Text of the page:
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VideoFound: Male Lab mix, light brown, neon orange collar (Reminton), St. Hedwig near Lubianski's Feed store. 210-859-1546.

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South Texas Living

Recalling memories of Schneider’s Store in Dewees

Recalling memories of Schneider’s Store in Dewees
Schneider’s Store is still open for business in the community of Dewees.

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Rainy Days and Starry Nights
July 17, 2013
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The Dewees Store is also known as Schneider’s because Alfred Schneider and his wife, Helen, owned and operated the store and a cotton gin next to it in Dewees beginning in the 1930s. The cotton gin was in use for years as long as cotton was grown in Wilson County. I guess in 1950, there were still farmers that grew cotton.

My little brother, Sammy, was just a young kid in the 1950s. Being the baby of the family, he got a lot of attention. He tagged along with Daddy everywhere he went. He listened to a lot of grown-up conversations. Going over to Schneider’s store at Dewees, on the way to Poth, was fun for him.

Cotton gins are big and noisy and scary, if you are a little boy. We didn’t have cotton then, but some farmers did, and it was going loud and long in the early ’50s. Sammy walked down toward the gin from the little general store and filling station, while Daddy was inside drinking a beer and catching up on the local farm news.

The cotton gin was fascinating but scary. He watched the cotton going up that long chute, being gathered into the big machinery up so high, and he couldn’t take his eyes away from it, yet he trembled with fear at the deafening noise. He imagined somehow he might be caught up in that chute and be eaten up by the machine that was so loud to Sammy.

My brother Bob said when he was a little boy Mother and Daddy would stop by there and get ice cream cones for the kids. Back then an ice cream cone was 5 cents! Well, you can still get an ice cream cone there, but in 60 years it has gone up a little bit.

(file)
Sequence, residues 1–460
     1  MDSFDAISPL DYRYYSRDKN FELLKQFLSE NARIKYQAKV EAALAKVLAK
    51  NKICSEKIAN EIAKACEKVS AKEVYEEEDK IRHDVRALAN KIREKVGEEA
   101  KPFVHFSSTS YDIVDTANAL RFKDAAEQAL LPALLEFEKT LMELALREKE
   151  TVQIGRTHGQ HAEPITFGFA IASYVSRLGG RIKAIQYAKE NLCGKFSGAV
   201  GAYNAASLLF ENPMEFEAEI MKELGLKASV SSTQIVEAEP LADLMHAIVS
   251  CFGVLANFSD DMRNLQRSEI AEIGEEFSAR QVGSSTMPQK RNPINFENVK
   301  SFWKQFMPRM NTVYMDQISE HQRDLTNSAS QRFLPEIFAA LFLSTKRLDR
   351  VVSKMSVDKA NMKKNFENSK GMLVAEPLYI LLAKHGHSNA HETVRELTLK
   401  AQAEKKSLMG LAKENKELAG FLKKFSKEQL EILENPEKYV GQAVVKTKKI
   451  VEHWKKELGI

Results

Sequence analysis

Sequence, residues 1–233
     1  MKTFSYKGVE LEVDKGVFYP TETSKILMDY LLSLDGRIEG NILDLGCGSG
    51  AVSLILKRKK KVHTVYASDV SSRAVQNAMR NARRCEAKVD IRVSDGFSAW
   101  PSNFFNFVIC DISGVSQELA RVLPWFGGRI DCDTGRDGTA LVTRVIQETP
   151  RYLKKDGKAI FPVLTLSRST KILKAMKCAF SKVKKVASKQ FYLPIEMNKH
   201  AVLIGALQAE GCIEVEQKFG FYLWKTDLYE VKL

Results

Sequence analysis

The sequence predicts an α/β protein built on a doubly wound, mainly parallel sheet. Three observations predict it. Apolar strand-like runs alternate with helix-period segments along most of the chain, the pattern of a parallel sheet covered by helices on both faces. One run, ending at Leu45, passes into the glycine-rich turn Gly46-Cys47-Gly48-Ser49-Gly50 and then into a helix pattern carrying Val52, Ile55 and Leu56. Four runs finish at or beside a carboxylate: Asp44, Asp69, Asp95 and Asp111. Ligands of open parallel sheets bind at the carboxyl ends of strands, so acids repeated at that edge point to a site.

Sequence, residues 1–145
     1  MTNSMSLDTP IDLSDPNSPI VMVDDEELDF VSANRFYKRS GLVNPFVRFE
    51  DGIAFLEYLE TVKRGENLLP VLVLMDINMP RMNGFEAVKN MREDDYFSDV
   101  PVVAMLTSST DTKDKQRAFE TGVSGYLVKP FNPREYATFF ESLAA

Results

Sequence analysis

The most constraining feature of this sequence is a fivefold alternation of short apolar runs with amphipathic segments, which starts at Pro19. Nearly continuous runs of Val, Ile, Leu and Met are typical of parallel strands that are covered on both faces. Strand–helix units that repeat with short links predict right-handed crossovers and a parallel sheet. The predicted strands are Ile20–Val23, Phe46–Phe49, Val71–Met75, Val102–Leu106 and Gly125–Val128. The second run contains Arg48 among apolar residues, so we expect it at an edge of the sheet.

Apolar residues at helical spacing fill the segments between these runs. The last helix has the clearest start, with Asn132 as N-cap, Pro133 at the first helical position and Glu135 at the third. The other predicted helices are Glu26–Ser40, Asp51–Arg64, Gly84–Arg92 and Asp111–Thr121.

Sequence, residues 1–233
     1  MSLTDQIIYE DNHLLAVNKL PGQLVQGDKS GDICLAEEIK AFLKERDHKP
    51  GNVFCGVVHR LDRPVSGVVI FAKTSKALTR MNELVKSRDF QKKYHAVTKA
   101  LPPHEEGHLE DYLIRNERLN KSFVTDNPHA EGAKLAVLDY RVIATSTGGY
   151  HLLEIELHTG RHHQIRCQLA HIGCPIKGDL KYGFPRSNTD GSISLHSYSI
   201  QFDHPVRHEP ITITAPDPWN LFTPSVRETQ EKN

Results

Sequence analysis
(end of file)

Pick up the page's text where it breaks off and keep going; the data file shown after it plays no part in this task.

Helen and Alfred ranched and built a house near the store. Helen built a log home after Alfred passed away in 1967. The cotton gin continued running as long as people grew cotton in the county. My daddy grew his last crop of cotton in 1952. By then the drought had set in and nobody was making cotton after that. So finally the gin was shut down.

The Dewees Store is still there today. They have a patio in back for parties and events -- even weddings. Since the oil people have come, they have built an RV park on the property in back. They still serve sandwiches and hamburgers during the lunch hour.

The parishioners from Blessed Sacrament Catholic Church still come after Mass on Saturday evening to drink beer at Schneider’s Store at Dewees. It is still a place to meet friends and catch up on local news like “How much rain did you get last week?” or “I heard those durn Pirates beat Nixon last night! Did you see that game?”

My brother, Bob, and I went to Dewees the other day during the lunch hour. We ate delicious hamburgers and had ice cold Cokes and as we sat there we were transported back in time, 65 years ago, when I was 14 and Bob was 11, and I felt the same warm friendly vibes as I asked Bob if he wanted an ice cream cone. We did each have one!

Sometimes it is good when nothing has changed. Helen Schneider’s store at Dewees is still the same after all these years. I hope Alene Pawelek keeps Helen’s vision alive for many more years. I talked to Alene one day. She wants to show me some old pictures of the cotton gin that Helen Schneider gave her when she bought the place from her. I hope to write another story of the history of the gin.

Lois Zook Wauson is the oldest of eight children who grew up on a farm in Wilson County in the mid-20th century. After many years living in other parts of Texas, she now lives and writes in Floresville. Her two books are available from the Wilson County News office. Email her at

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